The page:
After the peppers have been harvested, it is time to move on to the Fulfillment phase. In this phase, all players, in turn order, may complete ANY or ALL of these actions;

- "Visit the Farmers' Market"; where players may choose one market card from the market display located to the left of the board. The player pays its cost in peppers on the left side of the card and earns the rewards on the right. The player keeps the card, tucking it safely behind their player screen.

- "Compete at the Chili Cook-Off"; A player, possibly pepper-flush, may visit the Chili Cook-Off. After paying the necessary combination of peppers, the card may be scored and placed behind the player screen.

- "Sell a Batch of Peppers"; A may sell up to 5 peppers of ONE color back to the supply. In doing so, the player gets $1 for every TWO colors of that pepper planted in the field.

After each player has had a chance for their farmer act, it is time for the “Time Check”

Time Check is basically a check for conditions triggering the changeover from morning cards to afternoon cards, or for Game End.

These conditions could be considered fairly complex, so I will have to let the rulebook speak loosely for me for a moment;

If it is Morning;

First… count the number of recipe cards remaining at the Chili Cook-Off;
•If there are FEWER cards than the number of players, then the afternoon is skipped. One more round is played, then the game ends after the Fulfillment phase of that round. (They note in the rules that this event happens very rarely, but can happen)

Then count the number of Farmers Market cards remaining;
•If there are at least as many cards remaining as players, then it is still morning, start a new round.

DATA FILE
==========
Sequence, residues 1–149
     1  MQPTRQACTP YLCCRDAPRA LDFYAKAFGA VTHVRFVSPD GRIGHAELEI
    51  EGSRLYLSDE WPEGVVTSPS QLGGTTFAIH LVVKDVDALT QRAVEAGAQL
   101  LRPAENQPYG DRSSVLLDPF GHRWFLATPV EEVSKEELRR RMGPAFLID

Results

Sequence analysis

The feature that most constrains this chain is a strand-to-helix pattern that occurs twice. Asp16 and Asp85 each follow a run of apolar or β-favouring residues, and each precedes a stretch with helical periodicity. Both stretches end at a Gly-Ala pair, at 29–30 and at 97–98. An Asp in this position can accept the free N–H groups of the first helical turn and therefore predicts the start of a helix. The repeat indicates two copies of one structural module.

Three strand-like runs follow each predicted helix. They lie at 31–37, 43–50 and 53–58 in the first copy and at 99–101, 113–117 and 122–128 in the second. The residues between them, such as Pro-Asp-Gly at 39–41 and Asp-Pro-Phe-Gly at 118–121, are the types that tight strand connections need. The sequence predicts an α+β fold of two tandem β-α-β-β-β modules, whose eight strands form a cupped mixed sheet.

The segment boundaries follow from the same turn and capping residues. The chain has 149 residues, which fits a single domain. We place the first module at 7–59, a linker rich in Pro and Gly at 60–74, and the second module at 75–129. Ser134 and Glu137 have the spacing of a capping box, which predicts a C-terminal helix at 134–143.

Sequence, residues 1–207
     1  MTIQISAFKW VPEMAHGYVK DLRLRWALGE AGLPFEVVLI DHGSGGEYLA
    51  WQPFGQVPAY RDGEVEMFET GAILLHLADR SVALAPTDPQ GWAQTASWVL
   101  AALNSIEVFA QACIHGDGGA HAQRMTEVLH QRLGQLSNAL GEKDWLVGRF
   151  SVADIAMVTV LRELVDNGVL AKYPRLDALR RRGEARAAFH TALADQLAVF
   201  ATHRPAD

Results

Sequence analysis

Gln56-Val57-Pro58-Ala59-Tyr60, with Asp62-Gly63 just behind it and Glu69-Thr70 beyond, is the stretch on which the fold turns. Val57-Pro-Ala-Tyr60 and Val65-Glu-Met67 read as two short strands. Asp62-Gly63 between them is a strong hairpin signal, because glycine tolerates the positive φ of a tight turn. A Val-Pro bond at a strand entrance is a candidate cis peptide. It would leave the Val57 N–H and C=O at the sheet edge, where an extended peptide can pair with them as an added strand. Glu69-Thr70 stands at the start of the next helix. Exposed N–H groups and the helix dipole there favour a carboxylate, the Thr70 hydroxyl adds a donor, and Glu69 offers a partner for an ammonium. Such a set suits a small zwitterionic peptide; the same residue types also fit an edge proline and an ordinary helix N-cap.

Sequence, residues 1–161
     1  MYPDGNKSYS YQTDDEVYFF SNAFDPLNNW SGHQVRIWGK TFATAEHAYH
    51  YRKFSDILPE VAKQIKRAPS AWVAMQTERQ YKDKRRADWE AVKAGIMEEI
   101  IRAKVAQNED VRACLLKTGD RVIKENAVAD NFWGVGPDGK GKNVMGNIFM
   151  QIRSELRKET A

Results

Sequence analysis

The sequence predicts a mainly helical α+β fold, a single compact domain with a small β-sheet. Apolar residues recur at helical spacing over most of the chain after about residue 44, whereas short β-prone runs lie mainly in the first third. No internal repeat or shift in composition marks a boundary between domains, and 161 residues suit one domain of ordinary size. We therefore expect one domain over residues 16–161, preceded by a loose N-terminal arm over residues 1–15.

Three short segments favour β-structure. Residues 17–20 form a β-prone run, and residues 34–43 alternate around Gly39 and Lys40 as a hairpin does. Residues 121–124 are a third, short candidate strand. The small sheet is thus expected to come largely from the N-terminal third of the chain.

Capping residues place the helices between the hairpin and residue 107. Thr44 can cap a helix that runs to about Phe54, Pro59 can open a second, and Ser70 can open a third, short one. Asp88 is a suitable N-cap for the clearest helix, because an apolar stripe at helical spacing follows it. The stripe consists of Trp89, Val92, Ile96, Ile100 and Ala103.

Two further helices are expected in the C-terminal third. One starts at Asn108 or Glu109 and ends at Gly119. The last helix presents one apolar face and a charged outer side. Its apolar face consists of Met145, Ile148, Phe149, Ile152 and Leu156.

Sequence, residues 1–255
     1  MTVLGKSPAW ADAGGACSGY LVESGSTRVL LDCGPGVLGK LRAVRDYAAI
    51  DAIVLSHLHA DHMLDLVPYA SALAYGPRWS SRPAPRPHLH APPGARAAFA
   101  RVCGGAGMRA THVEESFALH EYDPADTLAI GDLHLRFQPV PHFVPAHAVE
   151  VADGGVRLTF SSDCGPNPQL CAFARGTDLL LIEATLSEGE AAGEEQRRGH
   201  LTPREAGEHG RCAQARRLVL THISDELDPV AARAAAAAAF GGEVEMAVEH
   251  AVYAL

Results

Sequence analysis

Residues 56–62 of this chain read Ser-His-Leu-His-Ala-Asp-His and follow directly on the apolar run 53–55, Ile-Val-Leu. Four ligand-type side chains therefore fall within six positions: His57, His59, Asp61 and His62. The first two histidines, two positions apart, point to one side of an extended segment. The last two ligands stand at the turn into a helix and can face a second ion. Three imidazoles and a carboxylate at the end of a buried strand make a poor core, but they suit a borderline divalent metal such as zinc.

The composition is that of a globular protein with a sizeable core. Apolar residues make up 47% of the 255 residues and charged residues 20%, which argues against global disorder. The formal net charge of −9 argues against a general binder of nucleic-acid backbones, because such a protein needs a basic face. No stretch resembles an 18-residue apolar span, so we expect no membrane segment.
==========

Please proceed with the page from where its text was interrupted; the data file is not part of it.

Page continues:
•If there are fewer cards than players, then the game progresses to afternoon; changing over the Farmers Market decks and the Auction decks to their afternoon counterparts and dealing out a new set of cards to both the Farmers Market (replacing the current market cards to the original game-start count) and, the Auctions (leaving any cards already dealt where they are).

If it is Afternoon;

(Try to hang on)… Count the number of Market cards AND the number of Cook-Off cards;
•If there are fewer cards than players in one of the two locations, then one more round is played through the Fulfillment phase.
•If there are fewer cards than players in both locations, then the game ends immediately with no final round.

After Game End has been established, it is time to tally points. Points are earned in five categories;
•Points on Market Cards
•Points on Recipes Cards
•Points on Award Plaques
•Points on the back of un-played Bonus Action Tiles
•Every $3 = 1 point (dropping remainders)

The player with the highest tally wins and is declared the greatest Pepper Farmer in all the land!


Final Thoughts

This game is a lot of fun. The theme is something different, thankfully, and the whole family can enjoy the game.

The bits are nice, a few busted peppers stems notwithstanding… the cards are well made; good stock and nice finish, and the system (once parsed out from the sometimes-dense rules) is easier than the first play through may let on.

The board is nice, the cutouts fitting the peppers, but you have to be careful removing the peppers as some are rather tight in their slot, and you have to worry about the edges of the insert area fraying a bit due to the taking in and out of the peppers.

Otherwise, a spot on game, thoroughly enjoyable.

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Andrew Massengale
United States
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How 'bout them Cowboys?!
theonesideddie wrote:
you have to worry about the edges of the insert area fraying a bit due to the taking in and out of the peppers.

Pro-tip: Don't pull the peppers out when removing them, instead hold the board off the table (or sideways, just so that it's not laying flat), and push the peppers through. That way you're not fighting against the grain of the pepper slots.

Great review too! I completely agree on your analysis, I just wish I could get more people to play it with me...
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Dan Lokemoen
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I played this once or twice. Thought it was too simple, too long, and once someone got out in the lead, the game was over even though there was a lot of game left.